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By ANN THELEN

Touchstone Energy® Cooperatives is a national brand that helps its network of electric cooperatives across the country achieve outstanding member satisfaction. The organization accomplishes this by offering cutting-edge ideas for energy efficiency and a better home-and-family life – and benefit programs for co-op member-owners. You can learn more at touchstoneenergy.com.

We recently sat down with executive director Lynn Moore, who took over the reins of the organization in 2017. She shared details about how Touchstone Energy is hard at work for you and your cooperative – plus, she offered a look ahead at some exciting news for 2018.

Q: Let’s start with the basics. Tell us how the Touchstone Energy brand works to help Iowa’s cooperative member-owners.

Moore: Touchstone Energy is an alliance of 750 member-owned electric cooperatives in 46 states. It’s the brand name by which cooperatives identify and connect with as that alliance. Our co-ops collectively deliver power and energy solutions to more than 32 million members every day, and they strive to provide dependable electricity at a competitive cost to every member.

For member-owners in Iowa whose cooperative is a Touchstone Energy partner, it means your cooperative has access to service programs, resources and outreach tools that can be adapted to your community’s individual needs. Over the 80 years cooperatives have been delivering safe, reliable, affordable electricity to their member-owners, our fundamental purpose has remained the same. Today, co-ops go beyond that with interactive websites, broadband services, solar and wind resources – and we offer a host of collaborative tools to member cooperatives.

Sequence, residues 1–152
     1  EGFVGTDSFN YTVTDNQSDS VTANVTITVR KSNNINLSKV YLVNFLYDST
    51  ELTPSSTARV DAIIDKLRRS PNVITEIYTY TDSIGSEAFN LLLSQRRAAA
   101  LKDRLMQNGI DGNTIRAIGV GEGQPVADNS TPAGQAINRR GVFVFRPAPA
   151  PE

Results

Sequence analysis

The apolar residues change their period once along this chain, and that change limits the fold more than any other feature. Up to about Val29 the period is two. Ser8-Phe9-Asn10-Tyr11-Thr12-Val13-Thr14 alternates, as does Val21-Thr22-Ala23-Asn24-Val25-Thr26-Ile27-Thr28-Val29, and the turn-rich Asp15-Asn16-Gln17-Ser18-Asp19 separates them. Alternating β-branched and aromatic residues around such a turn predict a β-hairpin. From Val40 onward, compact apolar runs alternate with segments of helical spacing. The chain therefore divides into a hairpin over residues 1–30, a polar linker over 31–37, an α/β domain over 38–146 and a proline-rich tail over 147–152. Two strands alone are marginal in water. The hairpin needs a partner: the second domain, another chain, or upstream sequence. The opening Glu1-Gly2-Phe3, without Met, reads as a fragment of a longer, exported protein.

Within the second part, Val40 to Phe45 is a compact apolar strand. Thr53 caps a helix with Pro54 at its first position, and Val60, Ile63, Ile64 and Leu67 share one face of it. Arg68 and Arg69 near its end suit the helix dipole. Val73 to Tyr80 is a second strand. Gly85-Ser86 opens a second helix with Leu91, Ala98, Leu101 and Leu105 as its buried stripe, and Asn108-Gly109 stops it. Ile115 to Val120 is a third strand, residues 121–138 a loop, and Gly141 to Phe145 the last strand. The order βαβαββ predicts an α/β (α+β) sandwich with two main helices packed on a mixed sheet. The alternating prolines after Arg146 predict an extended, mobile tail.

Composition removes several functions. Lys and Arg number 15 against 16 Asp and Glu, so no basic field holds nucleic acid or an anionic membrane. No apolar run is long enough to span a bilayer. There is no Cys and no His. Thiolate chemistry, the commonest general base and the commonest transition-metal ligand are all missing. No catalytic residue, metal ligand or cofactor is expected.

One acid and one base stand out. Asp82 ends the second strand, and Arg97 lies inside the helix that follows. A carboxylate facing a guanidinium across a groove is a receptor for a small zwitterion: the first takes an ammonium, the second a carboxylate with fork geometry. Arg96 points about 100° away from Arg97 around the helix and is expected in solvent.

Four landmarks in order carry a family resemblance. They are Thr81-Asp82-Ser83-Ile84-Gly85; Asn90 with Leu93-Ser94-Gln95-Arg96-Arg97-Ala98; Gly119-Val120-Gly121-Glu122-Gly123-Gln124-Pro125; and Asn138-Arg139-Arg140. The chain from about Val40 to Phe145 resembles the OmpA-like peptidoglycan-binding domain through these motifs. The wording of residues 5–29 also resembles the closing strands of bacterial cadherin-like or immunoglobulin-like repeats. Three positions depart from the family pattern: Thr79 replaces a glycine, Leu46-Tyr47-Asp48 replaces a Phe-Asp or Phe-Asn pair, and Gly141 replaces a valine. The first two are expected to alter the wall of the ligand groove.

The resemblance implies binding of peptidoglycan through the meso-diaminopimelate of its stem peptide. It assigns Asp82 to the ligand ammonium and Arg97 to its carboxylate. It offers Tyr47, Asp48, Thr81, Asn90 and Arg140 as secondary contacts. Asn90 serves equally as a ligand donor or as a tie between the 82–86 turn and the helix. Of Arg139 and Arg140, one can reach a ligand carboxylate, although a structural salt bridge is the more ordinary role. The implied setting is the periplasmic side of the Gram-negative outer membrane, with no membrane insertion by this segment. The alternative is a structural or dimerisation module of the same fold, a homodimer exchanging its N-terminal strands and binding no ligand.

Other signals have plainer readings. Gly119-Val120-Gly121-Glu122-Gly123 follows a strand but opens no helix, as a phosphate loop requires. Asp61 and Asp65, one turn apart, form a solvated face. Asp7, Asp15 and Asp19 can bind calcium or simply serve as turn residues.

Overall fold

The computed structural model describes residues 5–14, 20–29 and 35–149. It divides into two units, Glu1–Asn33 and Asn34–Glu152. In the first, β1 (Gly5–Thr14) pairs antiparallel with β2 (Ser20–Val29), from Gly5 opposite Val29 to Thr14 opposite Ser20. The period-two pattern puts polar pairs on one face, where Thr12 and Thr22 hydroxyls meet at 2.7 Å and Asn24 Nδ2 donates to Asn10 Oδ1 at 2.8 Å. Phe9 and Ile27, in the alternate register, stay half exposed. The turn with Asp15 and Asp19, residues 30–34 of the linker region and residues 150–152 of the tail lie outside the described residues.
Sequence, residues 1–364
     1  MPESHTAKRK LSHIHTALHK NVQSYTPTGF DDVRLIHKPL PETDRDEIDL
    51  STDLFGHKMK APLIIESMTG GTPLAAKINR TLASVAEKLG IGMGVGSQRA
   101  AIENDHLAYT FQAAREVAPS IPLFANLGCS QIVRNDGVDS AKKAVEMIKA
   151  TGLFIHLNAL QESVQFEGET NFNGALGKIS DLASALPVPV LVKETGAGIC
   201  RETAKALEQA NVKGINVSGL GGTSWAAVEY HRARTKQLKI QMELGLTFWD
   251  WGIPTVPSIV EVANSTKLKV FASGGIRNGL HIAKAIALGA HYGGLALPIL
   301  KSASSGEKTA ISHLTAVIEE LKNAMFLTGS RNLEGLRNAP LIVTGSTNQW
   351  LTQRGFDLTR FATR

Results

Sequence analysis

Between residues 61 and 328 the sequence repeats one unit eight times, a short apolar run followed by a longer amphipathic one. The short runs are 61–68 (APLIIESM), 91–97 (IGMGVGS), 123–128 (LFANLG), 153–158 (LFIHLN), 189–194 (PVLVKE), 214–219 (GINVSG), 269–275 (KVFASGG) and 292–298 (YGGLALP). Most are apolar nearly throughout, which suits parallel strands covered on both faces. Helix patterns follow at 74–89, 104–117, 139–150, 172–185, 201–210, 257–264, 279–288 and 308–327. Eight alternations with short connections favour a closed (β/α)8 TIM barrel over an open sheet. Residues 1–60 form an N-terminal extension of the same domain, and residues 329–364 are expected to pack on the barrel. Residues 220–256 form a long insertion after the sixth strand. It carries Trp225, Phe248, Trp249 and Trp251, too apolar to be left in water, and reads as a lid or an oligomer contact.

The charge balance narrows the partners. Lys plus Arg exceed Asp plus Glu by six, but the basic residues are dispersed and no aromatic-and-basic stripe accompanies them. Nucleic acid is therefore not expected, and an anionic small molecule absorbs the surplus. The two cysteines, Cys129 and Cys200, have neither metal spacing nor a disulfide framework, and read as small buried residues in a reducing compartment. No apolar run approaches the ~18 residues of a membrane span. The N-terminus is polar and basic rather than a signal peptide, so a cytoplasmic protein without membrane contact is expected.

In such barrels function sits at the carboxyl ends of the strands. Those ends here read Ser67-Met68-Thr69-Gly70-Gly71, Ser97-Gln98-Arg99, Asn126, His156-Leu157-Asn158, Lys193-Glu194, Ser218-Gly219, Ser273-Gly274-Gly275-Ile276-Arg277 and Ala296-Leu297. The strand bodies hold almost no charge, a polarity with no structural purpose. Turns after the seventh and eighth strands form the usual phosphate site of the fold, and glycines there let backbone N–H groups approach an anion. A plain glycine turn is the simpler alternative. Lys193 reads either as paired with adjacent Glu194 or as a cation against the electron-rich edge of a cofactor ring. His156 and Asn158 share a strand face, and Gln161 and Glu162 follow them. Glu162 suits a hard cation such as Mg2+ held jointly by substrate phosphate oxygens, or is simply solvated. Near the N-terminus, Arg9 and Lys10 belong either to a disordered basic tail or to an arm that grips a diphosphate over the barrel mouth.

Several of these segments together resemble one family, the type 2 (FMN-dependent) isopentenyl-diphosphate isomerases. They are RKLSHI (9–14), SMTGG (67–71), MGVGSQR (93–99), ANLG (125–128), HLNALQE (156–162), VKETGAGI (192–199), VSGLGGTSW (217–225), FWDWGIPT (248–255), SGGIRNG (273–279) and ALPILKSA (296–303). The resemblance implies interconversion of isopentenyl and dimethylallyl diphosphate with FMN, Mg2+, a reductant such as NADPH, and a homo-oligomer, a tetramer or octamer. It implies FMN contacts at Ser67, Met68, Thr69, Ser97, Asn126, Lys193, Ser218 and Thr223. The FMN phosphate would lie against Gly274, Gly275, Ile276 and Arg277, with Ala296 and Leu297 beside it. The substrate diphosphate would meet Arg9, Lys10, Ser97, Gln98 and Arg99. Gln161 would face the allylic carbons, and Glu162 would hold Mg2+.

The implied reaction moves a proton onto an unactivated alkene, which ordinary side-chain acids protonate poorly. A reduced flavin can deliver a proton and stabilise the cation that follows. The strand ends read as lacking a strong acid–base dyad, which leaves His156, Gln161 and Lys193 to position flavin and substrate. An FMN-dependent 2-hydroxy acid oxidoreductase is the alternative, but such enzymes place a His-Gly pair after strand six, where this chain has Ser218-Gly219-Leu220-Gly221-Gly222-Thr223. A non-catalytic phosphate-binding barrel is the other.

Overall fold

Q: What’s the purpose of Touchstone Energy?

Moore: Integrity, accountability, innovation and commitment to community – these four values are the foundation of what Touchstone Energy stands for and are at the core of the services cooperatives provide to members. We help our cooperatives tell the story of what the cooperative difference means to member-owners and how it’s at work in your community. The cooperative difference is the way we treat people, how we collaborate and how we build community.

Some people may not recognize or know the Touchstone Energy brand, yet they are very familiar with their electric cooperative. We’re working hard to bridge that gap and show that while you have the benefits of local ownership and decision making, you are also part of a national brand that is the gold standard for electric utility service. Our research shows that Touchstone Energy Cooperatives consistently rank 4 to 6 points higher in customer satisfaction surveys than our utility peers. In fact, electric cooperatives can be very proud to be the highest-rated utility group by the American Customer Satisfaction Index.

Q: The phrase “The Power Of Human Connections” often appears with the Touchstone Energy logo. What does this mean?